Physics- Energy Transformations, November 25, 2008

Energy Transformations

– We have talked about kinetic, potential, and elastic energy- these are all components of mechanical energy

– Mechanical energy can be conserved or lost, depending on the forces involved

– example: hockey puck that has been hit and slides across the ice- will eventually stop

– example: a perfect pendulum will continue to swing for a very long time

Conservative Forces do work on an object in a way that the amount of work done is independent of the path taken

– Example: gravity is a conservative force
– takes the same amount of work to live a mass a given height, regardless of path that is traveled

Non-conservative forces are path dependent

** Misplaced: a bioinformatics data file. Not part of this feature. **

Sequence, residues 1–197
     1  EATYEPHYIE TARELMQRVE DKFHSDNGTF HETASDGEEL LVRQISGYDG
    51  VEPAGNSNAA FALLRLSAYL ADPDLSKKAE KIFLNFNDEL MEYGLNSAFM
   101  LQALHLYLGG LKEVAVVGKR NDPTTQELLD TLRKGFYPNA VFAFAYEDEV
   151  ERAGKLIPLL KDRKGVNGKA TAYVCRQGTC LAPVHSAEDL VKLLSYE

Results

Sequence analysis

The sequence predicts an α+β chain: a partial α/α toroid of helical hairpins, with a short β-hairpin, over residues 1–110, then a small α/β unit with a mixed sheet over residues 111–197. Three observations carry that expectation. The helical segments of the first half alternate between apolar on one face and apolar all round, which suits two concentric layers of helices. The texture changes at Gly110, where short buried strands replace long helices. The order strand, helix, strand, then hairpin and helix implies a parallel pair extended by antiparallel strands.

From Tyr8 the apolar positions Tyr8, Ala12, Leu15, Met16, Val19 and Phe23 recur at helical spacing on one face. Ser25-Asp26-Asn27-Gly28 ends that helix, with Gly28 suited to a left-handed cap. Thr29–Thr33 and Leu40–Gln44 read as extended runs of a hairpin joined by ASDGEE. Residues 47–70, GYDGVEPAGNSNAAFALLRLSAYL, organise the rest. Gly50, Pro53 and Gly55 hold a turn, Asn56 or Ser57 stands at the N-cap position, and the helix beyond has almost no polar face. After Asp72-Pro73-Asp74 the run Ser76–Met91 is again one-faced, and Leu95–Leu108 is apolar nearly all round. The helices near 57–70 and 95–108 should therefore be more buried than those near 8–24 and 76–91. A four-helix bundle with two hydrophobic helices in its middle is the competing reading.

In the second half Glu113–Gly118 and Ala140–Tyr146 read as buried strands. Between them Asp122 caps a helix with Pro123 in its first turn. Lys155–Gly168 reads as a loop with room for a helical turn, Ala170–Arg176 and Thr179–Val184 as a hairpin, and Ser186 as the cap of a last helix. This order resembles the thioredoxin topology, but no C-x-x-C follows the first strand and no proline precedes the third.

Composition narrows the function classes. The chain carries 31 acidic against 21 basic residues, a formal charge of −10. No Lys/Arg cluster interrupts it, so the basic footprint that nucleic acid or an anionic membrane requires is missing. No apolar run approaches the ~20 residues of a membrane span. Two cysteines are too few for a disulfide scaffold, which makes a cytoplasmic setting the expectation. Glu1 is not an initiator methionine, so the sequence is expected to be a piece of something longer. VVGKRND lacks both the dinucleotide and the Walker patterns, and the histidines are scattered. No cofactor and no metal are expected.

Example: friction
– The work done against a frictional force depends on whether the path is straight, curved, zig-zagged, etc (consider a crate across the floor)

Work done by conservative forces result in energy changes that are independent of path and are reversible

Work done by non-conservative forces is not reversible

Conservation of Mechanical Energy

when all the work done throughout the energy transformation is done by conservative forces, mechanical energy is conserved

gravity and perfectly elastic materials are conservative forces; no real material is perfectly elastic but come close

The Law of Conservation of Mechanical Energy

When all the work done throughout a process is done by conservative forces, the total mechanical energy of the system after the process is equal to the total mechanical energy of the system before the process.

Ek1 + Eg1 + Ee1 = Ek2 + Eg2 + Ee2

Example: dropping a rock- gravitational potential energy is being transferred into kinetic energy right until it hits the ground

We can use what we know about conservative forces and the conservation of total energy to solve for changing and transforming energy systems.

For homework, please complete page 287 #1-8.


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